Ravi Agarwal


Toxics Dispatch No 16


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Gopal Krishna with inputs from Shweta Narayan

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The dilution of the EIA notification over the years


n order to predict environmental impacts of any development activity and to provide an opportunity to mitigate negative impacts and enhance positive ones, the Environmental Impact Assessment (EIA) procedure was developed in the 1970s. In India, the EIA was introduced through a gazette notification passed on January 27, 1994, requiring certain types of projects to obtain ‘environmental clearance’. To make it more participatory, the provision of ‘public hearing’ was added, which was definitely a step forward. The main EIA notification has been amended seven times in the past eight years. All these amendments, instead of strengthening the process, have diluted it to an extent that it is now merely viewed by industries as a formality in the environmental clearance procedures. The most recent amendment to the EIA process, notified on June 13, 2002, exempting pipeline projects from preparation of EIA reports, has further weakened the usefulness of environmental clearance. It also violates the basic premise of authority granted by the Environment Protection Act (EPA), 1986. Yet, public hearings need to be conducted in all the districts from where the pipeline will pass. This poses two problems: first, it is not clear how any EMP and Risk Mitigation measures can be formulated when one has not studied the potential impacts of the pipeline through the preparation of an EIA report; and, secondly, on what basis would persons attending a Public Hearing relating to a pipeline project voice their concerns? Both the routing and the construction of pipelines can have severe consequences on people and their environment. Pipeline projects may create unnecessary hardship to local people due to construction work,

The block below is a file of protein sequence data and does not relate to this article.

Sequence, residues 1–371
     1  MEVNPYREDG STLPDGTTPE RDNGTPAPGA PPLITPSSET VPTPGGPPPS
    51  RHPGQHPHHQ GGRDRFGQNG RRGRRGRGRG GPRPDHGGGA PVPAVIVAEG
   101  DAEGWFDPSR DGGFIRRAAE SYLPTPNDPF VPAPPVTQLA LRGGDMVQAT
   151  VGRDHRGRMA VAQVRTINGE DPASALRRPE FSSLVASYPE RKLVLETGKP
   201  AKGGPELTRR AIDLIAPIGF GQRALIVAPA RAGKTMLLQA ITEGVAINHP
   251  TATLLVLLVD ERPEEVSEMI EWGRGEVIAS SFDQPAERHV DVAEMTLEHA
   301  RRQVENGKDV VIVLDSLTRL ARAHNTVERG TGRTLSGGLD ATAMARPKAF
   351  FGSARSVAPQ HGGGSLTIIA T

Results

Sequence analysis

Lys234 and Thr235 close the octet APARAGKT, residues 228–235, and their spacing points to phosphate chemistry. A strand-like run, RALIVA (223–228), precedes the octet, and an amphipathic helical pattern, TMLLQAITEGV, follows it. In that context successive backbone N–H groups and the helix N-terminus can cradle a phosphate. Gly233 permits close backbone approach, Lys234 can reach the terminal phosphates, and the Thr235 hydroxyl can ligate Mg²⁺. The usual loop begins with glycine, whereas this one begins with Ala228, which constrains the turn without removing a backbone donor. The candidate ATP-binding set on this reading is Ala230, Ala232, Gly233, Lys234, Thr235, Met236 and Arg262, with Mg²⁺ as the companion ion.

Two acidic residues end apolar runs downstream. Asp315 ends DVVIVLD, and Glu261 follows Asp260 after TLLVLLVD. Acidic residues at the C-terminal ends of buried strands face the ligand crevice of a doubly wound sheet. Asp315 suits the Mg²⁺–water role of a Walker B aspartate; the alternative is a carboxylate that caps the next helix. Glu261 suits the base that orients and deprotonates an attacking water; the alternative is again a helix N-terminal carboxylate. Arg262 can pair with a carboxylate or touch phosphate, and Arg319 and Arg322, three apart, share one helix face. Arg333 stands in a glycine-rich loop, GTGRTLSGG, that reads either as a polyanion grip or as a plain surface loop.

and may later pose a hazard in the form of pipeline leaks. Both routing and construction can cause unnecessary and severe damage to sensitive ecosystems. But if these projects are exempted from the EIA process, no other mechanism ensures adequate review of these potential consequences. This latest amendment was made without issuing notice to the public asking for their opinions and comments, stating that it was in “the pub-

lic interest not to do so”! Section 3 of the EPA, under which the EIA notification has been issued, authorises the Central Government to take measures for “protecting and improving the quality of the environment and preventing, controlling and abating environmental pollution”. Naturally it follows that anything derived under Section 3 of the EPA should be for the purpose of preserving the environment and controlling pollution. Thus when sub-rule 4 of rule 5 of the Environment (Protection) Rules, 1986, speaks of public interest, it is in the context of preserving the environment and controlling pollution. One fails to see how these recent amendments serve the public interest in the context of conserving the environment and abating pollution. The notification dated January 27, 1994, making the EIA a pre-requisite for environmental clearance for a large category of development